pergo, pergere, perrexi, perrectus- go on, proceed

qualibet- adv anyway

orbo, orbare, orbavi, orbus- to deprive of parents, to be orphaned

relictus, a, um- abandoned, forsaken- here stranded

Capriterranus, i- m. Bucklander

educo, educare, educavi, educatus- to bring up, rear, educate, train

utique- anyhow

frequentissima- here “overcrowded”

leporarium, i- n. a warren

ducenti- lit. two hundred here a couple hundred

factum- here a deed

beneficus, a, um- kind, generous

refero, referre, retuli, relatus- to bring back

decens, -ntis- decent

suspicor, suspicari- to suspect, conjecture, suppose, surmise here to reckon

offensus, -us- m. an offense

amarus, a, um- unpleasant, nasty

adquiro, adquirere, adquisivi, adquisitus- to acquire, obtain, get

abscedo, abscedere, abscessi, abscessus- to go away, depart

abigo, abigere, abigere, abactus- to drive away, to send away

aspectus, -us- m. appearance

di eum ament- lit. may the gods love him here bless him!

subito- adv. suddenly

exhibeo, exhibere, exhibui, exhibitus- to produce, to present, to exhibit

documentum, -i- n. a document

bene- here properly


  1. Hello,

    This is quite an interesting project. I like the idea very much.

    However, it seems to me there are some very strange proposals in the glossary. Why keeping "Dwarf" when Latin uses "Nanus"?

    Why keeping "Baggins" and "Sackville" when these names should have a meaning in the translation? Having a look at the Index Tolkien wrote for translators of the LotR would be a help, I believe. You can find it in "The J.R.R. Tolkien Companion and Guide", by Hammond and Scull.

    Keeping "Hobbit" seems mandatory (though adapting the word for the Latin phonology might be a good idea), but no Latin would use the suffix "-ton" to mean "town". "Hobbitia" might do the trick.

    Finally, "tweenus" for "tween" just looks weird to me. A Latin would use "adulescens" / "adulescentia" or even "adulescentulus".

  2. In Tolkien's notes on "Nomencalture", he states that, in translations, the name Bag Eng and Baggins should contain the same element, and that this should recall the English word "bag". Might I suggest Latin "bursa" (from Greek byrsa, "hide, wineskin")? This would even let us maintain the alliterative quality of a name like Bilbo B. Perhaps something like "Bursonus" or "Bursianus" for "Baggins"?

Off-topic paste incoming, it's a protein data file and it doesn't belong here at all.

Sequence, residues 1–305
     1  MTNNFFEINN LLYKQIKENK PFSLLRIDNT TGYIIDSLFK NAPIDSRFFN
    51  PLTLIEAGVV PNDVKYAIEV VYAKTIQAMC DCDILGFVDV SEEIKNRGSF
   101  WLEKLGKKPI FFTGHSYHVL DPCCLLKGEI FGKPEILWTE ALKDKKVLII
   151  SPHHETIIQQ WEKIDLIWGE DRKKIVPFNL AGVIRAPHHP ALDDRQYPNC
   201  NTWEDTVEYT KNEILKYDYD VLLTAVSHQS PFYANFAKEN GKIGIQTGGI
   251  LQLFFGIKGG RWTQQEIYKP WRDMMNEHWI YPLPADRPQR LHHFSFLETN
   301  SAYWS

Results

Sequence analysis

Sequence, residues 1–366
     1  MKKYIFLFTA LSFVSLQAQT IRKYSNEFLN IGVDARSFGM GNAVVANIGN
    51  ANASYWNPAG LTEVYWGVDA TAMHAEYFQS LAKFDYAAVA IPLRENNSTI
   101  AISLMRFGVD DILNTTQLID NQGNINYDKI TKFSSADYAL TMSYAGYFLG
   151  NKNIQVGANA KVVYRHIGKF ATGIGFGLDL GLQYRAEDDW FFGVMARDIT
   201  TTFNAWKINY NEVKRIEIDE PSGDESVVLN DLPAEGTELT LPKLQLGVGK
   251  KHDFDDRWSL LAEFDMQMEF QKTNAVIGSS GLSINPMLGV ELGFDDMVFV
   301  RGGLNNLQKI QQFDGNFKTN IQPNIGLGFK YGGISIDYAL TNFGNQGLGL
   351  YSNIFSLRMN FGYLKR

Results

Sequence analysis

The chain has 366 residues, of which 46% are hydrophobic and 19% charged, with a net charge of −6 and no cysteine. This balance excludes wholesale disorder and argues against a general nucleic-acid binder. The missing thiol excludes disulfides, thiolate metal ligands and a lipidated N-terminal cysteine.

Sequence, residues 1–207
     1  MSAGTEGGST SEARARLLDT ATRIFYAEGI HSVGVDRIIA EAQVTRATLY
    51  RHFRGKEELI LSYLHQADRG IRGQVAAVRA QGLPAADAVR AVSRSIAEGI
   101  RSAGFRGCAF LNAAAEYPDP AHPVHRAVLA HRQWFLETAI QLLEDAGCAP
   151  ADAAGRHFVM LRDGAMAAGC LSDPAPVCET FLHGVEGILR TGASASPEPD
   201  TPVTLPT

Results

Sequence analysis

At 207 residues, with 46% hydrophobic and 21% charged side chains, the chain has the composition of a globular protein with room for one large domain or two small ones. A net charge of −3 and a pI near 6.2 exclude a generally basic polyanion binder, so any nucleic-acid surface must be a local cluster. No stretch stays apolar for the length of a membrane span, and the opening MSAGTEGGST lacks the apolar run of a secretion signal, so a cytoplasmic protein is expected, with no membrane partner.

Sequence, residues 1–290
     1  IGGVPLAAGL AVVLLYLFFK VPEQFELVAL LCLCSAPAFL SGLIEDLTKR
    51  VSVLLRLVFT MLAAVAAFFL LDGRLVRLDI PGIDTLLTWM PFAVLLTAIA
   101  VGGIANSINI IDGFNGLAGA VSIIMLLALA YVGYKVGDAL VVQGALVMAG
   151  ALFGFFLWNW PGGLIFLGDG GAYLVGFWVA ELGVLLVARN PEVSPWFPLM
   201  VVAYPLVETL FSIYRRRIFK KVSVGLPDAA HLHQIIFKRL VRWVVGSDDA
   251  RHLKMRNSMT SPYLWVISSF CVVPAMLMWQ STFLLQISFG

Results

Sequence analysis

Likewise, "Bag End" is suppose to suggest the idea of a cul-de-sac; so what about a second element like "clausula" or "clausum" (in the sense of the common element "close" in English street names)?

  3. For Hobbit and Hobbiton ... Yeah, Tolkien indicated that "hobbit" is basically untranslatable -- though I have it in mind that I read something he wrote about how "hob(b)ito" would have been a sensible adaptation in Spanish. Accordingly, I'm inclined to suggest that "hob(b)itus" is the most sensible approach in Latin. Also, Tolkien states that "Hobbiton" should just be "hobbit" + the word for village. Accordingly, I would suggest something like "Vicus Hob(b)itorum".

  4. Sackville seems deceptively tricky. Conveniently, both elements in the English name are Latinate in origin: "sack" from Latin saccus (ultimately of Semitic origin, via Greek), and Latin villa. Turning them into a compound name (as Tolkien indicated translators should do) that works in Latin seems to me not as easy as it should be, however. Normally, something with the sense "village of a sack" might appear as something like "Villa Sacci" ... which leads us to something like "Villa Sacci-Bursonus" or "Villa Sacci-Bursianus" (depending on how one approaches the "Baggins issue"). That's a bit unwieldly -- but it does seem to approach Tolkien's intentions (IMO). Well, the name doesn't appear in the story _that_ often! :)

  5. Villa Sacci would be an accurate translation. However, there is one more trick: whereas the name Baggins is purely English in origin, "Sackville" is clearly of foreign import (Old French, actually). I believe we should be able to see this in the Latin version.

    Hence, I would try using a Greek name in this case: so perhaps "Persipolis" (I found funny that it suggests some link with the Persian capital. Very appropriate for such a snobby family.)

  6. If this ever gets that far: what to do with a place-name "Westerness" ? The "Lay of Earendil" in Book 2 Chapter 1 ("Many Meetings") is like to be a challenge - not to mention the verses from "The Fall of Gil-galad".